My popular Chemotherapy Skin Care Kit is an easy way to safely take care of your skin while you undergo chemo treatments. It makes a nice gift for someone you know who is facing that challenge too. I donate 50% of the profits to FORCE, the advocacy organization for the hereditary breast and ovarian cancer community. It is possible to prevent some of the disheartening impact of the grueling treatment if you are proactive, and this kit gives chemo patients one less thing to worry about.
For more information on this topic, check out the following resource used in this article:
Yoon JS, Choi M, Shin CY, Paik SH, Kim KH1, Kwon O, Development of a Model for Chemotherapy-Induced Alopecia: Profiling of Histological Changes in Human Hair Follicles After Chemotherapy. J Invest Dermatol. 2015 Sep 15. doi: 10.1038/jid.2015.358. [Epub ahead of print]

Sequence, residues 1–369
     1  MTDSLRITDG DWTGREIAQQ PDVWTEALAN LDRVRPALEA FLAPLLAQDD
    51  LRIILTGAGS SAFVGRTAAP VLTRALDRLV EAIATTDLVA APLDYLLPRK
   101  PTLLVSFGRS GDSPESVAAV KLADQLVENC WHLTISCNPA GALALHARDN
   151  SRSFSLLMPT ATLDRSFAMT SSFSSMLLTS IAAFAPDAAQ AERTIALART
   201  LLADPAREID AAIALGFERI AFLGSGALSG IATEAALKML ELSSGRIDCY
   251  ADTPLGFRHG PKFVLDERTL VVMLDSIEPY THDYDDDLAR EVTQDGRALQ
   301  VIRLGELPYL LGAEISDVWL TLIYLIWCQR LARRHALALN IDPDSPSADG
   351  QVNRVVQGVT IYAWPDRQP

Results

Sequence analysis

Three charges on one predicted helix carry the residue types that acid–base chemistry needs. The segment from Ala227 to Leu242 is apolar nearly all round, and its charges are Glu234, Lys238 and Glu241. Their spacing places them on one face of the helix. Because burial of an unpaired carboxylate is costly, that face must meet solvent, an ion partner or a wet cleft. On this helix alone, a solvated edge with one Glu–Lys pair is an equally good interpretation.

The information in the Dr. Bailey Skin Care web site, and related links, articles, newsletters and blogs, is provided for general information and educational purposes only. It is the opinion of Dr. Cynthia Bailey, or other indicated authors. Consult your physician or health care provider for any specific medical conditions or concerns you may have. (This also applies to patients in her medical practice; the information here is not a substitute for, or an extension of, the medical care she provides for you.) Never disregard professional medical advice or delay seeking it because of something you have read here. Use the information and products on this site at your own risk. Use of this site indicates your agreement with these statements and the Terms and Conditions of DrBaileySkinCare.com. If you do not agree to all of these Terms and Conditions of use, please do not use this site!